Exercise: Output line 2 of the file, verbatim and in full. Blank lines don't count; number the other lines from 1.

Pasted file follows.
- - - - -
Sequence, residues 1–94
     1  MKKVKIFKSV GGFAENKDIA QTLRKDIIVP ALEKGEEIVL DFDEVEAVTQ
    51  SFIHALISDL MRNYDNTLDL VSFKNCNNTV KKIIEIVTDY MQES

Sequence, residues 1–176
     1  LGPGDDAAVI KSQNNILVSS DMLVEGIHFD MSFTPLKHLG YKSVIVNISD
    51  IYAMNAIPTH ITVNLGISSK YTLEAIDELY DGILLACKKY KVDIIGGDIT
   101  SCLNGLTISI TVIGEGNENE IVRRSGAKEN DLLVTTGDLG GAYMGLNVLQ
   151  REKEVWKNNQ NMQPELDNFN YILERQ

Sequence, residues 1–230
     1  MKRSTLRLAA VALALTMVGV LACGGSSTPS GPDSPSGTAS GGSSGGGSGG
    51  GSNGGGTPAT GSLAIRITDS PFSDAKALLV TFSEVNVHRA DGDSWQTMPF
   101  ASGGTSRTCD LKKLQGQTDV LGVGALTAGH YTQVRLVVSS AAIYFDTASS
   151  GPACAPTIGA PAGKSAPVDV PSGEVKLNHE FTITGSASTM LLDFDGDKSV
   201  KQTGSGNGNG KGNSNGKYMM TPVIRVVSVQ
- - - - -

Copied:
     1  MKKVKIFKSV GGFAENKDIA QTLRKDIIVP ALEKGEEIVL DFDEVEAVTQ